It is a truth universally acknowledged that Nintendo is evil. It is even worse when Nintendo joins forces with Hasbro. Recently, their demon lovechild hit the shelves at Gamestop, and I was powerless to resist.
That's right, I bought a copy of Monopoly this week. And I am not the only one. The BGG Facebook group has been blowing up with images of and posts about Monopoly Gamer, an updated version of Monopoly that features Super Mario characters, plastic coins, and boss battles.
Needless to say, the online board gaming community is collectively losing its mind over this. Supporters are out there defending their choice to purchase Monopoly Gamer because it's "not like regular Monopoly." Haters are unable to get past the fact that "real" gamers went out and bought any version of Monopoly.
I will tell you right now that I unabashedly bought Monopoly Gamer and also the ridiculous character packs. The game is good fun, and I'm not too proud to play any game as long as I'm having a good time. A "real gamer" is someone who plays games, period.
What I do dislike about Monopoly Gamer is that it represents everything I hate about video game culture, but in board game form. The game itself was hard to find, and Gamestop totally sold out of character packs almost immediately. (My local store only has Luigi left.) There are scalpers on eBay hawking "rare" Wario and Tanooki Mario pieces at a 400% markup. Even worse, when you open the base game box, there are empty spaces for those extra characters, as if to constantly remind you that you missed out on an exclusive item.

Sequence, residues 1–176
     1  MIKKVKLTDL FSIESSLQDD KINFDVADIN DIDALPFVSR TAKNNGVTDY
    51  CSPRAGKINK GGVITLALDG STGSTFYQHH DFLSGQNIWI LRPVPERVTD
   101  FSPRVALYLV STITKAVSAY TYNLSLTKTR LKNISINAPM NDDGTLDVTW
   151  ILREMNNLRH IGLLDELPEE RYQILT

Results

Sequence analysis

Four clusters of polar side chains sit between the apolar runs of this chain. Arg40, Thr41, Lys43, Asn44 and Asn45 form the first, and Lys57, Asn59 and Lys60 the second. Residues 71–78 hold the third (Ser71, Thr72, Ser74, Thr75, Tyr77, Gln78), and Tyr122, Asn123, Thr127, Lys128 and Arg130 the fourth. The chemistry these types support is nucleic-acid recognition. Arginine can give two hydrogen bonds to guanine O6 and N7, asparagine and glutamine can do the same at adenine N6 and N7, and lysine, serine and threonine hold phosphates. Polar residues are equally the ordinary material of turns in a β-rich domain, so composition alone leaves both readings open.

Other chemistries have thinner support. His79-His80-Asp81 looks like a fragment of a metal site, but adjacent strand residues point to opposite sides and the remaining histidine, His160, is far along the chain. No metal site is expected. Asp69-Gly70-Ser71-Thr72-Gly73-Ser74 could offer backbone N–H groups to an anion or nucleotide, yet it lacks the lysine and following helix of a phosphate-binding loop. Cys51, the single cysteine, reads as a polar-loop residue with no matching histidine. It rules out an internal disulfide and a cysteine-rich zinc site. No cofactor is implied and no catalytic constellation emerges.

Nintendo is the worst offender when it comes to creating scarcity in order to boost demand for their products. I'm not even going to bother going for a Super NES Classic, because I already know it would be a herculean task to acquire one. The Amiibo craze left a very sour taste in my mouth. And while I am one of the lucky few who have a Nintendo Switch, I am painfully aware that it's still tough to buy one.
Selling a board game that doesn't come with all of its pieces, then producing those missing pieces in limited amounts, is not a business model I like to see. (As any gamer knows, it's rude to sell DLC on launch day.) I don't like Kickstarter exclusives, either, because it pains me to think about owning a game I can never fully experience. Monopoly Gamer is good fun, especially for a Nintendo-loving family like mine. But true to the spirit of Monopoly, it's also a cash grab—one that I hope against hope is a one-time thing.